Now you think you understand why the town is named ‘Cut and Shoot’. Well, you would be wrong.

According to the story, a young boy was witnessing this confrontation and shouted, “I’m scared. I am going to Cut around the building and Shoot into the woods.” Well, something like that anyway. So that is how the town got its name. The boy’s exclamation defused the situation and his words were remembered.

Hey, that’s what Google said!

I made it to the dual highway 59/69, and as I approached Houston I decided to take the technological bull by the horns! I punched a button on my dashboard that had a picture of a phone. On my screen a list of my contacts came up. I punched HOME. Suddenly I heard a loud dialing. Then  the voice of my wife.


I talked into mid air with people driving around me looking at me and thinking I was crazy. “Hey, I’m talking from my car.”


She didn’t understand. “I mean I am not holding a phone or anything….just talking to my car.”


“Uh, I’m going to be home in a few minutes. Could sure use some coffee.”

“Sure I will put a pot on now.”

“Really – I have a Bluetooth thing and I don’t have to do anything….just talk. My car called you, not my phone.”

“Okay honey, you can tell me about it when you get home.”

Friday, May 29, 2015

Cyber Seniors - In One Chunk

I am older. Somehow that seems more palatable than saying I am old. But maybe that is why I was attracted to a little show called Cyber Seniors.

I was perusing Netflix to see if there was any new stuff they were offering me, and I actually did find something . The show Cyber Seniors was described as a documentary in which high school kids teach old codgers about the internet. It sounded as if it would be delightful to watch in small chunks. I do that sometime – pick a show that I can watch fifteen or twenty minutes, shut it off for a couple of hours or days, then come back and watch another chunk. And the idea of high school kids becoming involved with Senior Citizens appealed to me.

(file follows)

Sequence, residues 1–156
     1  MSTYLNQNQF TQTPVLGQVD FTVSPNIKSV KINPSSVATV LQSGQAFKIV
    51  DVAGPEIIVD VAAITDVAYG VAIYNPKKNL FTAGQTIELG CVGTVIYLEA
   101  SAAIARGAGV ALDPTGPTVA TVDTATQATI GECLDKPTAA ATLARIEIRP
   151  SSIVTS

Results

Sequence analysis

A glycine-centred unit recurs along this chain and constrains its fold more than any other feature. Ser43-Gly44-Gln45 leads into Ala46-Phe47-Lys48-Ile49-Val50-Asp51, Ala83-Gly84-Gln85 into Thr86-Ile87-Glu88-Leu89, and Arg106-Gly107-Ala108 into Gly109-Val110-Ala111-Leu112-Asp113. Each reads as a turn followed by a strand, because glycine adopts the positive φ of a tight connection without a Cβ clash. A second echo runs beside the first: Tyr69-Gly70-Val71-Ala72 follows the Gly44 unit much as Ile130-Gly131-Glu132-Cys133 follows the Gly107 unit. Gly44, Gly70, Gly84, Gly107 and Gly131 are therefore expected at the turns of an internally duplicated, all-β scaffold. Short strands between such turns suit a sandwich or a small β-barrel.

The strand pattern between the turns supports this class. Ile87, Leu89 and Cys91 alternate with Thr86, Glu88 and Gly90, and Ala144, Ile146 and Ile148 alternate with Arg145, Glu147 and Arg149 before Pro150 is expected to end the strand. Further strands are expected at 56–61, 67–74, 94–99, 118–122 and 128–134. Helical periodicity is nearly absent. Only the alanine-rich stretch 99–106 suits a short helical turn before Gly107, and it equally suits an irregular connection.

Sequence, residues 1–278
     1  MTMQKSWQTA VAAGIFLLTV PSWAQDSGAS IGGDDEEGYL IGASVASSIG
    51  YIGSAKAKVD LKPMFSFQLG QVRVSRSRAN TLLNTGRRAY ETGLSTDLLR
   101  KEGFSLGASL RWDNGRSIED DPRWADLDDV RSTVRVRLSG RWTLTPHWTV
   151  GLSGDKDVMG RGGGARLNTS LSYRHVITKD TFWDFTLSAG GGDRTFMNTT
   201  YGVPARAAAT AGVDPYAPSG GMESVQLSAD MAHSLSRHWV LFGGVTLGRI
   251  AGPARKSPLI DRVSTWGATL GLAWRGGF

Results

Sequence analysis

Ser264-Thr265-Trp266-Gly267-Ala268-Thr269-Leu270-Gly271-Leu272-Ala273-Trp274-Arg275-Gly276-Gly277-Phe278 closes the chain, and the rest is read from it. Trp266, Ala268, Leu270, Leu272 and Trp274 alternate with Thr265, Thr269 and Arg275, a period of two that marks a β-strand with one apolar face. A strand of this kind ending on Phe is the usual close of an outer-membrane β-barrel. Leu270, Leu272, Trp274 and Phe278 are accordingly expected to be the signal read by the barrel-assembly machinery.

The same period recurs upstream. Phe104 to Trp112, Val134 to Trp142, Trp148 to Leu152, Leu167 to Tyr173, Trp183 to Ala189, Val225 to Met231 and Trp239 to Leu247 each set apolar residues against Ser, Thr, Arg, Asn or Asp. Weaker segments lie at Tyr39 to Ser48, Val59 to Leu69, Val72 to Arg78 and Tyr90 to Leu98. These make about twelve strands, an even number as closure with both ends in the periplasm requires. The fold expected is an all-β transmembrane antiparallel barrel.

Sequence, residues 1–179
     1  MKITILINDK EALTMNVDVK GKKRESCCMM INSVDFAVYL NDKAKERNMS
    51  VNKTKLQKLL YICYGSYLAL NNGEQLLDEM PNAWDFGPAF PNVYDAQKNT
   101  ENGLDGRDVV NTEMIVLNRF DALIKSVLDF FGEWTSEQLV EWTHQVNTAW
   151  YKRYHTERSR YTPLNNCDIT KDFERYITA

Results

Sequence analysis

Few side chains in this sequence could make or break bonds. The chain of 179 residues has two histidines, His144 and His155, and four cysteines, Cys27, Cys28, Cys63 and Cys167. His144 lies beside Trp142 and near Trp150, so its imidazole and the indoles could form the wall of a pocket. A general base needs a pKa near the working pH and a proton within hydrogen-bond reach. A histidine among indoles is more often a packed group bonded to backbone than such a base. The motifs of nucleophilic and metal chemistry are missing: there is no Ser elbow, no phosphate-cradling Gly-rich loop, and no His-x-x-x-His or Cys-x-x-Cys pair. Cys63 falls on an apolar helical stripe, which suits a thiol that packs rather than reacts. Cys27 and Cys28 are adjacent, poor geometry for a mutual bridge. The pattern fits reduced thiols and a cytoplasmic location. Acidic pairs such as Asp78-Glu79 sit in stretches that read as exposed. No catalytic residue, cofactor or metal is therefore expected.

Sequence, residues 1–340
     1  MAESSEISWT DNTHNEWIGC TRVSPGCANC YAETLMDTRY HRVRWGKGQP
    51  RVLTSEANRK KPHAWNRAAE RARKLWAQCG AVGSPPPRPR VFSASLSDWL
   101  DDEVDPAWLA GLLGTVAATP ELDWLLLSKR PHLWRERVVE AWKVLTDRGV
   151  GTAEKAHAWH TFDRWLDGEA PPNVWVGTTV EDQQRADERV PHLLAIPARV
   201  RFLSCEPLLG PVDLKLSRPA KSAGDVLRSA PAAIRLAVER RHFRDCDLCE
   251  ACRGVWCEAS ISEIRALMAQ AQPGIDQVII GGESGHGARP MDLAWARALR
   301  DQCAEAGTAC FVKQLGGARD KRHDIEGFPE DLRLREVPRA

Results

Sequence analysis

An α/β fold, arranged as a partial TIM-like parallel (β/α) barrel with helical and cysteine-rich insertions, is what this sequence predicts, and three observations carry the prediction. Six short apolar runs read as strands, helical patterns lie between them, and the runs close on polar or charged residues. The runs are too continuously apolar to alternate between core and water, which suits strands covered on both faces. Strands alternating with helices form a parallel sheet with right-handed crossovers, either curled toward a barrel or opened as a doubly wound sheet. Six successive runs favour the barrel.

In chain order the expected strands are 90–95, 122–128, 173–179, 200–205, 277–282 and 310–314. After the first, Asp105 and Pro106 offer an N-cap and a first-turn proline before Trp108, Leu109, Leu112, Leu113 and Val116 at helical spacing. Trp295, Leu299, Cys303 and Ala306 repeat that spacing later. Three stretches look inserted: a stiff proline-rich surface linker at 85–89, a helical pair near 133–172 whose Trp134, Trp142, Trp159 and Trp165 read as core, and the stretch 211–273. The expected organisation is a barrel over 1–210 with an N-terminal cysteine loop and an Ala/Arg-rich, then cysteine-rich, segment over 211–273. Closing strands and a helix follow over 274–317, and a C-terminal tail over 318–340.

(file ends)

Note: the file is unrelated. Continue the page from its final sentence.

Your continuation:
Actually I watched it in one big chunk.

Cyber Seniors is not flashy. It is simply tells the story of retirement home people trying to understand what the internet is, and the story of 15 and 16 year old kids trying to teach it to them. An exchange of culture and mores that had some hilarious pitfalls
She was 93 years old. “I went to, but my email wasn’t there!”

She was 87 and murmured, “I don’t think I like Facebook. I wouldn’t want to dislike anybody!”

He rose in horror:
“No. I don’t want my photos imploded!”
“No Sir, they are uploading, not imploding!”

Mouse. Login. Password. Escape. Internet Explorer. Firefox. Save. Delete.Website.Email….and on and on – all foreign concepts to those who haven’t grown up with computers and the internet.

“What do you think about those Senior Citizens? Do you think there really is a generation gap?
“There is a huge generation gap! It’s crazy – but they are kinda’ cool. You know…like they’re people.”
“Now Ma’am, this is You Tube and you can see videos here. Even Music Videos.”
“You mean, people singing.”
“Yeah. Is there a song you would like to hear?”
“Well…oh, oh, yes. ‘The Hallelujah Chorus’. You know it don’t you?”
“Your music education is lacking, young lady.”

Soon, everyone in the nursing home was singing to the Hallelujah Chorus.
The Rapping Senior

Someone got the bright idea of having the seniors make You Tube videos. They would have a contest, and whoever got the most hits would win and be honored at a party. Brilliant.

For we got to see how a lady prepares her snacks….she uses an iron to make grilled cheese sandwiches and puts corn on the cob into a coffee urn to boil them. Or an 90 year old lady rapping (and she initially didn’t know what a rap was) about how she still had all her teeth.

Cyber Seniors. Not a lot of production quality here…..just a lovable, poignant, laughable story. If you are an old codger, you can relate. If you are a teenager, you too can relate to the rolling eyes and muffled guffaws.